John Lennon solo reminds me of having a friend who’s “in a really bad place right now,” and is being a total dickhead about it. At first you’re overly forgiving- you remember all the great times and larks you and John have had over the years, so you give him the benefit of the doubt. You’re like, “John’s strong. He’s great. He’ll totally come out the other side,” but he doesn’t. He just becomes bigger and bigger of a dickhead, yet you continue putting up with it, because it’s impossible for you to believe that the fantastic human being with whom you’ve shared so many fond memories could possibly just be this now, this crappy dickhead who treats you like shit, and then eventually you hit your boiling point and start ignoring John’s text messages and then John’s all “What the fuck? I thought you were my friend,” so you talk to your therapist about your fucked up relationship with your shitty friend John and your therapist tells you “John is a negative person in your life; you deserve better than that,” and you’re like “Yeah! That’s so true about me!” and then you spend five hours writing John this legendarily brilliant email explaining exactly how you feel and John maybe says one asshole-y comment in response but you're not too torn up about it, he deserves to, and otherwise he gets the message and you’re free of John and it’s a giant load off your shoulders. “Wow, that was such a great decision!” you think, and then a year later you run into John on the street and you are cordial and for like five seconds you think maybe you should start being friends with John again but you're so wise and really quick you see what a dumb idea that’d be, but it’s not any big deal or terrible thing, and when you get home that night he pops back into your head and you realize you wish him the best. You really do.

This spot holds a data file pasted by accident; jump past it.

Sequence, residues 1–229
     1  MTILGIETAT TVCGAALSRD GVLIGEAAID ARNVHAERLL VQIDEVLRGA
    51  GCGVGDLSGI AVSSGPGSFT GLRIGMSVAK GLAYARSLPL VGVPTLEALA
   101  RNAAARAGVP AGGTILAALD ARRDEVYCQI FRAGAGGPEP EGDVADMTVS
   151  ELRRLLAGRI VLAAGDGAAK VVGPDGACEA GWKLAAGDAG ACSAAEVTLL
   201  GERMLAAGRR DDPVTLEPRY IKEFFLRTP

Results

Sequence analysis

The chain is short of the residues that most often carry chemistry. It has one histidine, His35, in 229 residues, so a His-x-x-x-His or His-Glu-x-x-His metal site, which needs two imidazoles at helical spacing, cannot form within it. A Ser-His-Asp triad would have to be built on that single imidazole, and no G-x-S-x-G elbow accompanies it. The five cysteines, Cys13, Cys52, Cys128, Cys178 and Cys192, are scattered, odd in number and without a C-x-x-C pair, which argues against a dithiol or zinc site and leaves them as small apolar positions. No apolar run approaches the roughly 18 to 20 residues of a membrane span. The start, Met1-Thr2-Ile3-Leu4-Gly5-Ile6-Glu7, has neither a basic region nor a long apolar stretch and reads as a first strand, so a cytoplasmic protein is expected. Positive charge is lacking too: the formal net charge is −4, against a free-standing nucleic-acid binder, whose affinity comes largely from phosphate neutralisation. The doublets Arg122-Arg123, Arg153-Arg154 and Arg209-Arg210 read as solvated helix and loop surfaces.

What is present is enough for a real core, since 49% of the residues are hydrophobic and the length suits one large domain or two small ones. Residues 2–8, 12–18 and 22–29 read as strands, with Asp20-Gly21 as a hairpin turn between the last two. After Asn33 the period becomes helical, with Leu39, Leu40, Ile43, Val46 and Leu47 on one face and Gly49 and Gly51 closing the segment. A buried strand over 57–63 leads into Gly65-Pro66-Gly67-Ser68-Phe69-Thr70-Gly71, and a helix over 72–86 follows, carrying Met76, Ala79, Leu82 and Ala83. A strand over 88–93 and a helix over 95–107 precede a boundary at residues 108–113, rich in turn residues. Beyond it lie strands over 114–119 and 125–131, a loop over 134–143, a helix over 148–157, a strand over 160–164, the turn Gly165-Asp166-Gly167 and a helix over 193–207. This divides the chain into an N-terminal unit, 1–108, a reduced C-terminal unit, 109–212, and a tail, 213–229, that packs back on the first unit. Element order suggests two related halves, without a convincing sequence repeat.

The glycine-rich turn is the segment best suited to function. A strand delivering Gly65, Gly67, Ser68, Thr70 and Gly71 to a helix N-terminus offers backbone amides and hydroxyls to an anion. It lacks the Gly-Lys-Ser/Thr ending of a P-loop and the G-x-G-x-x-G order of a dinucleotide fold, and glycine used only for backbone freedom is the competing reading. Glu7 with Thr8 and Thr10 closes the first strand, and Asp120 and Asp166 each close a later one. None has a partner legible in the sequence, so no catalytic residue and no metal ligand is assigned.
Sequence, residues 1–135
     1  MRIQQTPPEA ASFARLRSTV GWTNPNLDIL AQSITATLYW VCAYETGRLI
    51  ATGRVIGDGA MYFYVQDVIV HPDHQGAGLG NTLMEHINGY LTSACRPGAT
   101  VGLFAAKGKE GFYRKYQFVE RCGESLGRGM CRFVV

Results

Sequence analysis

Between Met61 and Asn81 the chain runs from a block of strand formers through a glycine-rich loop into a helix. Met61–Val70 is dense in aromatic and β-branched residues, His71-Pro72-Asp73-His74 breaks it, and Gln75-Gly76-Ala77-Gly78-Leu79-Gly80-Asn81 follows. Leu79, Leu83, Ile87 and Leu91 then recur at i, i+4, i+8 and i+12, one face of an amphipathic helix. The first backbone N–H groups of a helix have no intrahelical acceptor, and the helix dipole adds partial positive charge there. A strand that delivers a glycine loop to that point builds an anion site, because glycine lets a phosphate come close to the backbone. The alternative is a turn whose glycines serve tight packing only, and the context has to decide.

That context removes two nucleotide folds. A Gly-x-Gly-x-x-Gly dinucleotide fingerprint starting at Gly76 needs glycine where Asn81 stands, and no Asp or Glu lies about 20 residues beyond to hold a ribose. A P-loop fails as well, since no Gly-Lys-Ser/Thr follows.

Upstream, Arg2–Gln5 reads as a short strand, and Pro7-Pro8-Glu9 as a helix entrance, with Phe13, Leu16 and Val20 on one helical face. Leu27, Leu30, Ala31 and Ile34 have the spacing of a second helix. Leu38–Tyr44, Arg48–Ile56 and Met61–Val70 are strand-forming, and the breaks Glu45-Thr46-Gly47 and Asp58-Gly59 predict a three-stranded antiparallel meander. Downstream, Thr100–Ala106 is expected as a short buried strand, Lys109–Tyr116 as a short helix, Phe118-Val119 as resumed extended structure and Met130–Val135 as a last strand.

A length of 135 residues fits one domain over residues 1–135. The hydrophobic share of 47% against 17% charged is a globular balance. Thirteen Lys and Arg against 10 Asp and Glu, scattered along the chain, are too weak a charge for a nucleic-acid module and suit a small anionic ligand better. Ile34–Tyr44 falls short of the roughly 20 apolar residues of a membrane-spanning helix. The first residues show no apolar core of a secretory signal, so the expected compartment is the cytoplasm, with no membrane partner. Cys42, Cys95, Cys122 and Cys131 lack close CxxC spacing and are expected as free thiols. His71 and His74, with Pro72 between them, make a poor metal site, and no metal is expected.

I initially wrote that as the intro to a thing I never wrote about “Gimme Some Truth” by John Lennon being one of the Top 5 Solo Beatles Songs I’d Rather Die Than Live Without, but then I realized I’d kinda rather die than live with “Gimme Some Truth.”
        I wanted to keep it in here because it’s meant a lot of things to me over the course of my life, and I wanted to pay homage to what it once felt like to run down a wet black March street listening to John sing his creaky nasty words and believe that what was compulsion was cosmic, that my destiny was to write down all the dirtiest truest shit of life using the ugliest words I could. It felt good in the way that when you’re angry feeling bad feels best. You believe in bad.